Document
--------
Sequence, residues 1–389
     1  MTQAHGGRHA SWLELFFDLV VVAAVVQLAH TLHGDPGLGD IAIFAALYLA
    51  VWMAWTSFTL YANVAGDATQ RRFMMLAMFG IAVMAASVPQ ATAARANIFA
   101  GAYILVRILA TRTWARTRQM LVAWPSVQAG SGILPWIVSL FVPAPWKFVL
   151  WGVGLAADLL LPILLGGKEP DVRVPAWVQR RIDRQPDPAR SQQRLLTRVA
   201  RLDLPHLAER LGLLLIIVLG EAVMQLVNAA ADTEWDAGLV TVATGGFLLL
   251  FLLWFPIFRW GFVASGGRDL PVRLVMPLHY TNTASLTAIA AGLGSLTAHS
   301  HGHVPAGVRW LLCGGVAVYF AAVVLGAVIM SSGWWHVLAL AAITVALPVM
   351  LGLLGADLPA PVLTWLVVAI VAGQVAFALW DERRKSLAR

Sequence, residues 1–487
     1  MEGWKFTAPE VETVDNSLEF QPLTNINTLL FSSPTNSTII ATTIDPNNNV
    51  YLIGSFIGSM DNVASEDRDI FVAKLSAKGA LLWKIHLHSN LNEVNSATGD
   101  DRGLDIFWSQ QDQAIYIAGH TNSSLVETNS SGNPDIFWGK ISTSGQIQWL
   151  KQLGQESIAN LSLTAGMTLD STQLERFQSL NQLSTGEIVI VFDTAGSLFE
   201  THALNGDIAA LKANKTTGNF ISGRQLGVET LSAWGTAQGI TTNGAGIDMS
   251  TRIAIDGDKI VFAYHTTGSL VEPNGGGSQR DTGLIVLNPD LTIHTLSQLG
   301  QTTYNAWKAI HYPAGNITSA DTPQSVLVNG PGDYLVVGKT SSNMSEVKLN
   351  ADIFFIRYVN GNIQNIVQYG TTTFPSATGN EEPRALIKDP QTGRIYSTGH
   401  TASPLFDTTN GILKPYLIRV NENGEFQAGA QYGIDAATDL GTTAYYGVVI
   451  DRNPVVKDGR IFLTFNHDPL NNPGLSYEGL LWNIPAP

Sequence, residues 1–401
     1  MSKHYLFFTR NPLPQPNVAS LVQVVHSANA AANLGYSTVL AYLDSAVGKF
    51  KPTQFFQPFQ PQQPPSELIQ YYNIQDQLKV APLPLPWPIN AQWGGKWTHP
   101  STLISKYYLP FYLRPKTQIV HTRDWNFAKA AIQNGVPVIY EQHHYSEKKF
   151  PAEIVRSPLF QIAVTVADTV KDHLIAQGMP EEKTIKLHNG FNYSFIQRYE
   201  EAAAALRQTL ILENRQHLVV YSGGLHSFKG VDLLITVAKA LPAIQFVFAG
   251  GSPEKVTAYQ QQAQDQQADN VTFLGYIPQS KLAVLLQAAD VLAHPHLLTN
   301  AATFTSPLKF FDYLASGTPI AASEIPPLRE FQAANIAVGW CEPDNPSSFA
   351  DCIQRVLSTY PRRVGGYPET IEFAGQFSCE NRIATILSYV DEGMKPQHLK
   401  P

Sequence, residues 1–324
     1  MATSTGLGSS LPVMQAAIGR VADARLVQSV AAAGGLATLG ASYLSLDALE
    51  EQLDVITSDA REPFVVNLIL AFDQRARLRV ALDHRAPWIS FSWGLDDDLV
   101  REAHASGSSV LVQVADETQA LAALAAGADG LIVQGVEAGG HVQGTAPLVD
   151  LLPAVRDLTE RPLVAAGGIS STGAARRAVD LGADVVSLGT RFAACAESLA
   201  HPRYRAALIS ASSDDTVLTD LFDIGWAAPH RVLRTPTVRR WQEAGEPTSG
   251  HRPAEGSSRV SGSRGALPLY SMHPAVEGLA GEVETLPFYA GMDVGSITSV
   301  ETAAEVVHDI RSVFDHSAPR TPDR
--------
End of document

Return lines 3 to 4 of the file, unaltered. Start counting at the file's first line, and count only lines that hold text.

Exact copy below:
    51  VWMAWTSFTL YANVAGDATQ RRFMMLAMFG IAVMAASVPQ ATAARANIFA
   101  GAYILVRILA TRTWARTRQM LVAWPSVQAG SGILPWIVSL FVPAPWKFVL